Last post we discussed the difference between a philosophy and belief systems such as religions. I asked you to do some critical analysis of some of your core beliefs. I also asked you to remove the emotion, question your knee-jerk responses, and think about whether the things you believe are the result of your philosophy, or are meme complexes.
Some of you did that, and some of you did not. Not surprising, since this is one of the most difficult thing a human being can attempt. It takes a tremendous amount of intellectual agility, deep awareness, and rock solid self-confidence to do this. For many people, it’s almost as futile as trying to do mental therapy on yourself.
One of the things I learned a few years back, is that you can’t cure yourself of mental illness. And by this I don’t mean psychopaths and violent personality disorders, although obviously that is true of these things. But you also can’t cure yourself of much less severe disorders such as narcissism, codependency, and enabling behavior.
Suppose you come to realize you are narcissistic. You decide you don’t like this trait in yourself, so you read a Wayne Dyer book and proclaim yourself cured. If only it was this easy…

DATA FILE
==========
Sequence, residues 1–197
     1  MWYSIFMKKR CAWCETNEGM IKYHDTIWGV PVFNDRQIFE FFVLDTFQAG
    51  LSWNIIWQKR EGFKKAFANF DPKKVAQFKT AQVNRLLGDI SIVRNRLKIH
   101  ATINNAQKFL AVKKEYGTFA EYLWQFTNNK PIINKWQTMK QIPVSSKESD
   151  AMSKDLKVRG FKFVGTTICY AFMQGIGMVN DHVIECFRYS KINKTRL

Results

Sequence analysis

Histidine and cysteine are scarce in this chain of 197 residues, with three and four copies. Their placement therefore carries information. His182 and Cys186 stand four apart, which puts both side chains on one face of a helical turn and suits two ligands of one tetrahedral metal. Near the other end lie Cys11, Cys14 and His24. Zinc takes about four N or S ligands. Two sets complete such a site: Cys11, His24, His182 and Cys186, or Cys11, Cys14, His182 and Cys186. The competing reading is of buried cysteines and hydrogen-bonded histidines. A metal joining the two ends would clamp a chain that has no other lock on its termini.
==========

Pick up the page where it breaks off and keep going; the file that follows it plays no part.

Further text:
These kinds of mental illnesses constantly re-invent themselves. You have confirmation bias, and you can’t look at yourself objectively. But you think you can, so the cycle continues. Rare indeed is the individual who wouldn’t greatly benefit from working with a trained mental health professional.
One of the biggest steps you will ever take on the path to growth and development is being able to recognize a meme complex and know when you’ve been programmed.
Attend a hypnosis demonstration sometime. You will see people placed in a trance and told to do things upon awakening from their trance. They have no idea they are programmed and will insist that they do these things out of personal choice.
Example: A man is hypnotized that whenever the person interviewing him touches his tie, the subject should remove his jacket. He is also hypnotized that when the interviewer pulls on his ear lobe, he should put his jacket back on.
In the course of a ten-minute interview, the subject can be made to take his jacket off and on 15 times. Yet the subject will vehemently argue that this is because the temperature in the room is fluctuating so widely. They are unable to self-discern that they are responding to an earlier programming.
So what about you?
How did you do on yesterday’s questions? Did you trot out all of your pre-conceived beliefs to justify, defend and validate your existing viewpoint? Did you recognize some areas you may have been programmed and not even been aware of it until now?